Closing the water balance of the Great Lakes: developing a new historical record reconciling bias and uncertainty
The purpose of this project is to develop a new historical record of monthly runoff, over-lake evaporation, over-lake precipitation, and connecting channel flows for each of the Great Lakes using a novel statistical model that (through an explicit acknowledgment of bias and uncertainty) reconciles discrepancies between model- and measurement-based estimates of each component while closing the Great Lakes water balance. This project leverages a similar project completed in early 2015 between NOAA and ECCC that successfully developped new estimates of the monthly water budget for Lakes Superior and Michigan-Huron for the historical period between 2004-2015. This project is expected to result in the first comprehensive water budget estimates for the Great Lakes system that systematically close the entire water balance while addressing both measurement bias and uncertainty. It will lead to a modeling framework that is designed to incorporate qualitative perceptions of measurement uncertainties that can be incorporated, through a process of Bayesian updating, into the final estimates. Furthermore, the newly-developed water budget estimates are expected to provide a much more robust basis (relative to previous estimates) for decision making not only because they include an expression of uncertainty (a gap in decision making that has been evident for decades) but also because they provide a full explanation for changes in water levels from month-to-month. Finally, this approach can help in resolving the regional water budget across monthly and inter-annual time scales and represents an important stepping stone towards addressing a long-standing need in the Great Lakes for clear and defensible differentiation between hydrological, climatological, geological, and anthropogenic drivers behind seasonal and long-term changes in Great Lakes water.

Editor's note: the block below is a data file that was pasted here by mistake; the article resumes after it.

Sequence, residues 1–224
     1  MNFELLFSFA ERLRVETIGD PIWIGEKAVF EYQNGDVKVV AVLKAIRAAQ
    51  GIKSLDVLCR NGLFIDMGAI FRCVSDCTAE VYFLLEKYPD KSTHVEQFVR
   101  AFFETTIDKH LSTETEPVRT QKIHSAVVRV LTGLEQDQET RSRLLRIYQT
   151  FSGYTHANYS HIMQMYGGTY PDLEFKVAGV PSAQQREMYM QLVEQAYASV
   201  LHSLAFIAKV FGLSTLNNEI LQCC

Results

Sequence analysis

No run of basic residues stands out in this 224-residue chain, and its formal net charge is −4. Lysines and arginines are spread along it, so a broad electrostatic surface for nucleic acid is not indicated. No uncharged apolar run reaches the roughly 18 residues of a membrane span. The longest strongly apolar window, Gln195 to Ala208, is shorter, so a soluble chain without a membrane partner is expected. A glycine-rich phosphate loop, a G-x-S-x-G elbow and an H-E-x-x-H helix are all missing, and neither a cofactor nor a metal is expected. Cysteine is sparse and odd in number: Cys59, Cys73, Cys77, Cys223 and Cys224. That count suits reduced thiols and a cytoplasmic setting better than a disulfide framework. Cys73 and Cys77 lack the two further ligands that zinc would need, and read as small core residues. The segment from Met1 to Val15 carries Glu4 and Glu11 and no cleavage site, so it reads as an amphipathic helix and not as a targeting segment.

ECCC, NOAA, USACE